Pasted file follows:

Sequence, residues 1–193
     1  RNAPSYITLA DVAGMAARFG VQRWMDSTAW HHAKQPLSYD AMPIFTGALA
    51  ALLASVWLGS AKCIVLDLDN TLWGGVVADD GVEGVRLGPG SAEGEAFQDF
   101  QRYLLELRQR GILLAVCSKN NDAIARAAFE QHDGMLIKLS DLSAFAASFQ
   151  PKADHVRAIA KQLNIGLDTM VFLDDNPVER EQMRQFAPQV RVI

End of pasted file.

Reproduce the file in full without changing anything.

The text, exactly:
Sequence, residues 1–193
     1  RNAPSYITLA DVAGMAARFG VQRWMDSTAW HHAKQPLSYD AMPIFTGALA
    51  ALLASVWLGS AKCIVLDLDN TLWGGVVADD GVEGVRLGPG SAEGEAFQDF
   101  QRYLLELRQR GILLAVCSKN NDAIARAAFE QHDGMLIKLS DLSAFAASFQ
   151  PKADHVRAIA KQLNIGLDTM VFLDDNPVER EQMRQFAPQV RVI